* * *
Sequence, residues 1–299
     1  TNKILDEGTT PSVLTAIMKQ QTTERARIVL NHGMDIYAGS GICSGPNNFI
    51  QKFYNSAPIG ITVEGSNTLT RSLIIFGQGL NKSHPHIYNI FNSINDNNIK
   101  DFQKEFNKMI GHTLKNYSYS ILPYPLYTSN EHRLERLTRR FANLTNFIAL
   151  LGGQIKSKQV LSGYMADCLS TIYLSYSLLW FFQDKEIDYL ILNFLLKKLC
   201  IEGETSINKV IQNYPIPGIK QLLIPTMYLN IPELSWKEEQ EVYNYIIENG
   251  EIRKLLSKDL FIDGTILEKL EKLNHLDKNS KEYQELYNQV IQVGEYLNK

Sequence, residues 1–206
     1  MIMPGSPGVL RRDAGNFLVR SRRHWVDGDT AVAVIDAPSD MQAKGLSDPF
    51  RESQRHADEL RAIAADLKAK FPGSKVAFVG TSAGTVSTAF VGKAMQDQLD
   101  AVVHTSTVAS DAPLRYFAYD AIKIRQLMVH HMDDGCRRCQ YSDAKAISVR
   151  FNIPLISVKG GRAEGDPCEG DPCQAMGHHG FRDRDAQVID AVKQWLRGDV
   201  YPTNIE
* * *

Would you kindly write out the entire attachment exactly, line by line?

Sequence, residues 1–299
     1  TNKILDEGTT PSVLTAIMKQ QTTERARIVL NHGMDIYAGS GICSGPNNFI
    51  QKFYNSAPIG ITVEGSNTLT RSLIIFGQGL NKSHPHIYNI FNSINDNNIK
   101  DFQKEFNKMI GHTLKNYSYS ILPYPLYTSN EHRLERLTRR FANLTNFIAL
   151  LGGQIKSKQV LSGYMADCLS TIYLSYSLLW FFQDKEIDYL ILNFLLKKLC
   201  IEGETSINKV IQNYPIPGIK QLLIPTMYLN IPELSWKEEQ EVYNYIIENG
   251  EIRKLLSKDL FIDGTILEKL EKLNHLDKNS KEYQELYNQV IQVGEYLNK

Sequence, residues 1–206
     1  MIMPGSPGVL RRDAGNFLVR SRRHWVDGDT AVAVIDAPSD MQAKGLSDPF
    51  RESQRHADEL RAIAADLKAK FPGSKVAFVG TSAGTVSTAF VGKAMQDQLD
   101  AVVHTSTVAS DAPLRYFAYD AIKIRQLMVH HMDDGCRRCQ YSDAKAISVR
   151  FNIPLISVKG GRAEGDPCEG DPCQAMGHHG FRDRDAQVID AVKQWLRGDV
   201  YPTNIE